SAN FRANCISCO - Several new variants of a computer worm emerged Wednesday to attack corporate networks running the Windows 2000 operating system, just a week after Microsoft Corp. warned of the security flaw.
As experts predicted, the Windows hole proved a tempting target for rogue programmers, who quickly developed more effective variants on a worm that surfaced over the weekend and by Tuesday had snarled computers at several large companies.
Among companies affected by the worm and its variations were ABC, CNN, The Associated Press, The New York Times and Caterpillar Inc. In California, San Diego County said it needed to cleanse 12,000 computers of the bug. ABC News producers had to use electric typewriters Tuesday to prepare copy for their "World News Tonight" broadcast, according to spokesman Jeffrey Schneider.
On Wednesday, four new variants of the worm had been detected by F-Secure Corp. in Finland, bringing the total to 11, said Mikko Hypponen, the company's manager of anti-virus research. He said the variations apparently had been programmed to compete with each other - one worm will remove another from an infected computer.
Estimates of how many computers are affected are difficult to come by because the worm travels directly over Internet connections rather than through e-mail. But Hypponen said reports of problems were isolated in Europe and Asia, and it appeared the worst damage was happening on U.S. computers.
That means this worm will likely create far less havoc than other notable exploits in recent years, such as Sasser or Blaster, he added.
Most anti-virus companies rated the threat as low to moderate Wednesday morning. McAfee Inc. considered one variant of the worm a high risk, but it categorized other versions as low risk.
Dave Cole, director of security response for Symantec Corp., said the threat appeared to have stabilized despite the appearance of new variants. He said most companies, by now, have applied the necessary software fixes to address the underlying vulnerability.
"The vast majority of the big infections have taken place," he said.
The worms caused the most problems at companies with large, networked computer systems, rather than among individual computer users, David Perry, a security analyst at Trend Micro Inc., a computer security company, said Tuesday. The worms can attack a system without needing to open any software, so some users would be infected without knowing it.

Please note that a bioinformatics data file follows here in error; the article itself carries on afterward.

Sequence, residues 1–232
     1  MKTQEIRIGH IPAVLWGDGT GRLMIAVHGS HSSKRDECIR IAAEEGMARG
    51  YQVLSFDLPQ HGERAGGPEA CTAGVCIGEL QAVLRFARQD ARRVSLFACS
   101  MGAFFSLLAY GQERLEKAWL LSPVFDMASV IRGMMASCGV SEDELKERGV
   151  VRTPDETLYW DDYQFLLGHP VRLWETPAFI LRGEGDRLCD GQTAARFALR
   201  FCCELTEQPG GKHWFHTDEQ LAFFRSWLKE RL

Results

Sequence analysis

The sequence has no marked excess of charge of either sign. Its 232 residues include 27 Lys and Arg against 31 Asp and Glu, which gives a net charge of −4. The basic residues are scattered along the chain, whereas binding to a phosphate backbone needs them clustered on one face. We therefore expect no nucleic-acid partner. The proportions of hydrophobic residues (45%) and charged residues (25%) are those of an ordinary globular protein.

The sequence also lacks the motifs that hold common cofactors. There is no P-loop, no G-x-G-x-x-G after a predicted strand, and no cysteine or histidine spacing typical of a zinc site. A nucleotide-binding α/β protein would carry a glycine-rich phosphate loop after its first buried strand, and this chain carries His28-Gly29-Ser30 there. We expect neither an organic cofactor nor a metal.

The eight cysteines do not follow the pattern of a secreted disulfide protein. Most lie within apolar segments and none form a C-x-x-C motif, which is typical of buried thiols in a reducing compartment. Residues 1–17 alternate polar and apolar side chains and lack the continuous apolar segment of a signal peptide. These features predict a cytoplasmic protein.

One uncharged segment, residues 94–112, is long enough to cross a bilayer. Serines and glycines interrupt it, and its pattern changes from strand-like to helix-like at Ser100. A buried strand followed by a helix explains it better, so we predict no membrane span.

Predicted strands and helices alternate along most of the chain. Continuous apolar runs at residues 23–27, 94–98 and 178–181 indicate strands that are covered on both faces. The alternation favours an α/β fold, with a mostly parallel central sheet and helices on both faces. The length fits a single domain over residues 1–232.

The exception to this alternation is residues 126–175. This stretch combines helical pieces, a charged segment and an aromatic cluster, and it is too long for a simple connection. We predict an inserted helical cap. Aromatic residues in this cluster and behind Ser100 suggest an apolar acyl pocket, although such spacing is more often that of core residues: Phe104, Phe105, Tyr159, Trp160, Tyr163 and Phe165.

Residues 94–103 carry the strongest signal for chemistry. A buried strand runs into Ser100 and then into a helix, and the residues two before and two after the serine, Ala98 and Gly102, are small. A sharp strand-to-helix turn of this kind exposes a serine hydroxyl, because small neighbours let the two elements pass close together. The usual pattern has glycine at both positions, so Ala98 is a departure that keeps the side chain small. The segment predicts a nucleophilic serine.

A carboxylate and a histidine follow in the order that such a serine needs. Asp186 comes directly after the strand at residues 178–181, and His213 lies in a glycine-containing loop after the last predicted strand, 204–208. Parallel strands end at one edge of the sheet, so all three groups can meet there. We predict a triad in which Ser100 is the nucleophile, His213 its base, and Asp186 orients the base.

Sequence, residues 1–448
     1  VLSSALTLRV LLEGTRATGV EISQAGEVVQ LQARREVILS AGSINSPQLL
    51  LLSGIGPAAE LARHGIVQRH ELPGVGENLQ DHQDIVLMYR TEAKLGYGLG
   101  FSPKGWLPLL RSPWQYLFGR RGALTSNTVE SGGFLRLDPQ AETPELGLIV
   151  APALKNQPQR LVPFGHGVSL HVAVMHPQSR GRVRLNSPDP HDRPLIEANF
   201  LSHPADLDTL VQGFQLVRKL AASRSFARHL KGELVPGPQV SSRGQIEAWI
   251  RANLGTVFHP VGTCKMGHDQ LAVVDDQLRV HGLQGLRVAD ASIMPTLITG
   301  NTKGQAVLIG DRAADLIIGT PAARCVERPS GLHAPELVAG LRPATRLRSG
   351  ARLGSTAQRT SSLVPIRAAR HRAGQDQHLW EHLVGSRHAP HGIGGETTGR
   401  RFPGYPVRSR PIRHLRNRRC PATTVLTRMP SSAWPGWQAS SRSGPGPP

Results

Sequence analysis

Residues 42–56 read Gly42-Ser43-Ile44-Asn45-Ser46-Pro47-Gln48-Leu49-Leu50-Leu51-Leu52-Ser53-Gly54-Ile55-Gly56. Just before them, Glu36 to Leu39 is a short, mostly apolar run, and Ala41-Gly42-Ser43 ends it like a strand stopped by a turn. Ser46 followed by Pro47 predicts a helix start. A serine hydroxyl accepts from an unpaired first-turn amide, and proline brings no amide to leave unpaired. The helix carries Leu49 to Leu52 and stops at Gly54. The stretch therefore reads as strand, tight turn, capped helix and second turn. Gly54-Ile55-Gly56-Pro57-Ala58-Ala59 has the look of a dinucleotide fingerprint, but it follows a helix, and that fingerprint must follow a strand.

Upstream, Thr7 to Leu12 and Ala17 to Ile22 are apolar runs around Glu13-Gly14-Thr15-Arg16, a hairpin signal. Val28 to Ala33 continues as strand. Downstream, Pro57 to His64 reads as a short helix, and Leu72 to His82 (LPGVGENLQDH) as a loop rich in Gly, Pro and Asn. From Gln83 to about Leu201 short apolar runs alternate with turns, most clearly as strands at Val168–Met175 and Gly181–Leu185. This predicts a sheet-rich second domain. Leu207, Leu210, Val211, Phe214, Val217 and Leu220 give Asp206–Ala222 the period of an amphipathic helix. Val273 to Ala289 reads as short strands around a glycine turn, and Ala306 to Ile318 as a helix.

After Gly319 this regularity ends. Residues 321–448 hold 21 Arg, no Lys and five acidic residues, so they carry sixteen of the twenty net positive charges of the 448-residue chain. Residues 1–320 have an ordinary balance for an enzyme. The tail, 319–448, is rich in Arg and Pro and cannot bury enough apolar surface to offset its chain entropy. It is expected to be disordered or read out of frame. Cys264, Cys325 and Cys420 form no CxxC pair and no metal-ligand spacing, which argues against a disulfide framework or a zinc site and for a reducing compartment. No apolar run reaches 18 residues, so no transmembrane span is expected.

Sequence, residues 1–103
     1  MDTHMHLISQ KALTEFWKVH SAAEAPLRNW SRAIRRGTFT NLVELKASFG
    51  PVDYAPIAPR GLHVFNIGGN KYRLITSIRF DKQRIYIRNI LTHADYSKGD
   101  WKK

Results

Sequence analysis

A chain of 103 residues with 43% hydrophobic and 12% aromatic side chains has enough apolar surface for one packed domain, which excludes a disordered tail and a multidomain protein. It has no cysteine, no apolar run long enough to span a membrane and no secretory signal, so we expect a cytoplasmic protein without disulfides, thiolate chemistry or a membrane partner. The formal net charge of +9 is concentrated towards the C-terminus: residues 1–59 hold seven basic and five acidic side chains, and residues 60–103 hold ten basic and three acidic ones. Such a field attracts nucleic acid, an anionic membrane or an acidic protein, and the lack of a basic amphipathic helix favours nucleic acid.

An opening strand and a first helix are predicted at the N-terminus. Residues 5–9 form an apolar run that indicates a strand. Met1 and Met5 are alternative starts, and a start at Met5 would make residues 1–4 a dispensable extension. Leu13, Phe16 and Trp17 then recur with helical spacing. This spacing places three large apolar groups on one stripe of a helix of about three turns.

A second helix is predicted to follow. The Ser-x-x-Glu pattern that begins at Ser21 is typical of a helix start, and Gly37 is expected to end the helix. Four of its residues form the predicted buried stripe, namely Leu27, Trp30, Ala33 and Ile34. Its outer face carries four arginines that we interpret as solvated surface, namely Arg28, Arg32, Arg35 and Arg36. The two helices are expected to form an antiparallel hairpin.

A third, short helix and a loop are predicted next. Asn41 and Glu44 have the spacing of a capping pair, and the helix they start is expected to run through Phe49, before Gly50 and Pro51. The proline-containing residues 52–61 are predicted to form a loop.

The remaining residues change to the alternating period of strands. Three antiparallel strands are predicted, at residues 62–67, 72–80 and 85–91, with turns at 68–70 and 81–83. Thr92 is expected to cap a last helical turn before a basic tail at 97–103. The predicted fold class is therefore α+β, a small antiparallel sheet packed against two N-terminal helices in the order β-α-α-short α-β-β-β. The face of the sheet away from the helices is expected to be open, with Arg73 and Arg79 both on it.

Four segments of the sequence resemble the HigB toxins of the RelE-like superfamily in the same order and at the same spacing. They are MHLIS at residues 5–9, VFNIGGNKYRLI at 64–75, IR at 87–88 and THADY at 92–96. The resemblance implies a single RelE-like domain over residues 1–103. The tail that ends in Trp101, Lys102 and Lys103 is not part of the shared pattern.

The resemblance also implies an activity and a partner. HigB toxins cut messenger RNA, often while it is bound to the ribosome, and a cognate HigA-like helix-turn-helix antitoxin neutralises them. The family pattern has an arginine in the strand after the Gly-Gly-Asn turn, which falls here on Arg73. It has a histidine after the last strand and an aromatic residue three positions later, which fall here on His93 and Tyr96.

Microsoft Corp. released a "critical" patch Aug. 9 for the vulnerability, which is most severe on Windows 2000 systems. Those computers can be accessed remotely through the operating system's "Plug and Play" hardware detection feature. Protective patches, plus instructions for fixing infected systems, are posted on Microsoft's Web site.
Companies that were slow to bolster their systems when Microsoft issued its security alert about the flaw may have left themselves vulnerable to the worm, said David Maynor, a security researcher with Atlanta-based Internet Security Systems Inc.
He said some IT professionals who considered their networks safe because they run Windows XP or 2003 were mistaken. The worms are automated Internet "bots" that need find only one unprotected computer running Windows 2000 within a network to propagate in the system.
Perry said the worm copies itself and then searches networks for other unprotected machines, causing no damage to data but clogging networks and rebooting its host computer.
"We did not see a widespread or fast spread of this in the first 24 hours," said Debby Fry Wilson, director of Microsoft's Security Response Center. "Over the last 24 hours, we've see variance, where other hackers will take the work and try to unleash a variant of the worm. So the worm continues to take on different forms."
Caterpillar worked Tuesday to clean up effects from the worm, which disrupted computer operations at several plants and offices over the weekend, the Peoria Ill.-based heavy equipment maker said. The problem was controlled by Monday afternoon, company spokesman Rusty Dunn said.
San Diego County officials assembled a 200-person team to mend the computers and said it could fix about 3,000 a day.